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Why I did not become a Ninja Turtle

Posted by Chad O'Connor  August 14, 2013 11:00 AM

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I remember when my nursery school teacher had us fill out biography posters as tall as the average student. One of the things we included was what we wanted to be when we grew up. The average kid drew astronaut or police officer, but not me. I wanted to be a Ninja Turtle - Michelangelo's trusty sidekick to be specific.

As I grew up, my dreams turned much more realistic when they changed to the goal of becoming a Professional Baseball Player. I got a little older and my dreams finally became completely realistic when settled on pursuing a career in a MLB Team’s Front Office. Age brought wisdom, though. I soon realized thousands of others settled on this ‘simple to obtain’ career. I had no chance at getting this career in a competition with the masses by sending in a resume and cover letter to an online listing. No, I had to utilize every relationship I have had: family, friends, etc.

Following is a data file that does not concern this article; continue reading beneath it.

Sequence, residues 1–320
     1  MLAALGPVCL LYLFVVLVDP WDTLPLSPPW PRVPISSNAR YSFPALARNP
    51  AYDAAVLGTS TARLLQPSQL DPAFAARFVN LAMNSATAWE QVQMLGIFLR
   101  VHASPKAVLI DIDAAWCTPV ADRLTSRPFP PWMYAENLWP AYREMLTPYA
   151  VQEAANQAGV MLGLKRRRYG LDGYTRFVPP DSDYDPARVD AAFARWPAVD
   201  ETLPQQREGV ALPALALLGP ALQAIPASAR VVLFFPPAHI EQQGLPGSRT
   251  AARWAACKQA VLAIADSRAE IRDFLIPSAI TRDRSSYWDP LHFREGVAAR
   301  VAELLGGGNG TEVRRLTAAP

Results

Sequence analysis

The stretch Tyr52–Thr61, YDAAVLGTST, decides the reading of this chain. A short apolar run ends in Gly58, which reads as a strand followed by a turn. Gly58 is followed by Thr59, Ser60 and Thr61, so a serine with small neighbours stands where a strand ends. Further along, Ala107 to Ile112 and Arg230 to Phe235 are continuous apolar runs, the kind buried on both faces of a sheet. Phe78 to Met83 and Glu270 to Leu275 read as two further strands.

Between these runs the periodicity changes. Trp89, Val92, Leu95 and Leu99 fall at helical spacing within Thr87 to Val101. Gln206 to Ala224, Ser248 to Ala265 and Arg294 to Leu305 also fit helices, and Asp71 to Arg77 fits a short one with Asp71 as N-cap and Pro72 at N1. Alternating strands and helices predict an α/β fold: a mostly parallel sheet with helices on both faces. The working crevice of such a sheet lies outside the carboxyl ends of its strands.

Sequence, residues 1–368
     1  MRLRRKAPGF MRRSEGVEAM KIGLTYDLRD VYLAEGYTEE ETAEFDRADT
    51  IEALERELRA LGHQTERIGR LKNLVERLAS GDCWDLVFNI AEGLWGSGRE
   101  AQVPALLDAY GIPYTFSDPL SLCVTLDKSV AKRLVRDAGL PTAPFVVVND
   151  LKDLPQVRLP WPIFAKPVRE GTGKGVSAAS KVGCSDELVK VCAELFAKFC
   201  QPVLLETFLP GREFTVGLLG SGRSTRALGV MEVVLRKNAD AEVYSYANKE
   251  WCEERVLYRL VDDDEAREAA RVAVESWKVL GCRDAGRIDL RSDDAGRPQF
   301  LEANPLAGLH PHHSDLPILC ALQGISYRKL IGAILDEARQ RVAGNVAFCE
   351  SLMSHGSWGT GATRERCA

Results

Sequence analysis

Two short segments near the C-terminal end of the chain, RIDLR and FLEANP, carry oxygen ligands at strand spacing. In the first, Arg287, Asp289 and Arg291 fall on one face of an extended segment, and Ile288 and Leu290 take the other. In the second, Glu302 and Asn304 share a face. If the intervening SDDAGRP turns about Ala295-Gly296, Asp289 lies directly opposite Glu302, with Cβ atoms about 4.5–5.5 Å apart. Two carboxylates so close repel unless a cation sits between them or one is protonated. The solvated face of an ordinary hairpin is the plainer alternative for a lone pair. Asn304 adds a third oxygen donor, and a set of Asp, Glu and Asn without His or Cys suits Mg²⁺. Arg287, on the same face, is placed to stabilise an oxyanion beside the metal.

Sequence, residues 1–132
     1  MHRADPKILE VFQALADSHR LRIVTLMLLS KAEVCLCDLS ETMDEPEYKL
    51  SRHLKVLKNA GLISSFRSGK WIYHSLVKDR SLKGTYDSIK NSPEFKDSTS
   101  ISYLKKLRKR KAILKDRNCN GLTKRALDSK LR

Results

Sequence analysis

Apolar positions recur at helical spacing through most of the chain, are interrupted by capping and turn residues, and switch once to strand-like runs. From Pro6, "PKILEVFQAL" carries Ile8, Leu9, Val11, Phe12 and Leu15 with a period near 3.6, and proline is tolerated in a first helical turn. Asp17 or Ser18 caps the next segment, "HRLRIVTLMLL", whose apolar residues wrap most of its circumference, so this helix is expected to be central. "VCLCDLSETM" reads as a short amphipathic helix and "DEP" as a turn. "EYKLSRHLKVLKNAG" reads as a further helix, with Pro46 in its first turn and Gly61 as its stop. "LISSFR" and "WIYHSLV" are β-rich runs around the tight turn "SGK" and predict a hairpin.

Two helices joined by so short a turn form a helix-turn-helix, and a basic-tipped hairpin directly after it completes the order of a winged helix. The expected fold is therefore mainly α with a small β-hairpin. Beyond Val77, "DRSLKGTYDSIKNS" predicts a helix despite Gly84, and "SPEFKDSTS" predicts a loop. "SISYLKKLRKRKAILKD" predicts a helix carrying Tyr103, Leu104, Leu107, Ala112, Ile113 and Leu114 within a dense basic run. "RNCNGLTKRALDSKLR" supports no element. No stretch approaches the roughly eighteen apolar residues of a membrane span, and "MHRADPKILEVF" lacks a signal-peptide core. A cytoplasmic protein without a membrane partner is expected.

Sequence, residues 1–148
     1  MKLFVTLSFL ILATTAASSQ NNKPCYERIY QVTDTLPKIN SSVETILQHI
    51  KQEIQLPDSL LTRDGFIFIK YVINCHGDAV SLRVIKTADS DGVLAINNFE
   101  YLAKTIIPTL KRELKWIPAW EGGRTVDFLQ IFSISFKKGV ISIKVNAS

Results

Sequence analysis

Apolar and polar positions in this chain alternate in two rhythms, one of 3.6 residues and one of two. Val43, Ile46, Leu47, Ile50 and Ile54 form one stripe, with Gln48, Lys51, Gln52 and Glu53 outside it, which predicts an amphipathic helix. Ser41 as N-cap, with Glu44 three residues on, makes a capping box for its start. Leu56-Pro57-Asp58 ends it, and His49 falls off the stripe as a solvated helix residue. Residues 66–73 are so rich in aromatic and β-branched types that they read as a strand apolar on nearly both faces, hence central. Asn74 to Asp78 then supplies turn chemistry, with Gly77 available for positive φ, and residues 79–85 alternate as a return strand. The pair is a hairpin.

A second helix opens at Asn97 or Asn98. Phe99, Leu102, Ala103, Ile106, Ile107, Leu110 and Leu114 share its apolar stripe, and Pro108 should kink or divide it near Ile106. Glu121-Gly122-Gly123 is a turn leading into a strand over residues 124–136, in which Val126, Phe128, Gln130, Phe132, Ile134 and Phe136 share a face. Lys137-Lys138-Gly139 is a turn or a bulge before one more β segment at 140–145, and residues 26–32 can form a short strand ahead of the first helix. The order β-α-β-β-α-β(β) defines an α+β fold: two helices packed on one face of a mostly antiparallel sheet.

Then the day came when I finally got my interview with the Mets after a referral. I was sitting on my Boston apartment stoop whilst people watching, staring at sewers and daydreaming about Ninja Turtles, racking my brain for reasons I deserved the position. The phone interview started. I thought it went well… really well.

A week came and went. I heard back with a generic email explaining I was not what they were looking for. However, I did feel genuinely lucky to get an interview. How many people can say they even had an interview with their dream employer?

Now that I’m a year out of college, I have learned there is more than one dream job out there. What worries me is not my resume or my ability to write a cover letter. I worry and wonder about the chances of meeting the right people to help me overcome the masses, to get an interview.

I’m not complaining as I feel fortunate I have been employed in the year since graduating. I can even say I've genuinely enjoyed my work, but my search for a dream job has not ended and I don’t expect it to get any easier without meeting the right people. We have a broken system, where knowing people can get any resume in the door for an interview, but great resumes can be ignored. You may never even get an interview because you don’t know the right person. How can hiring practices change to give every candidate a chance to be seen and heard? How many have been ignored due to a lackluster resume, when these very people may have the innovative ideas only people growing up with dreams of working there may have?

Chris Garland is a recent graduate of Northeastern University, still hoping for his dream job of Teenage Mutant Ninja Turtle.

This blog is not written or edited by Boston.com or the Boston Globe.
The author is solely responsible for the content.

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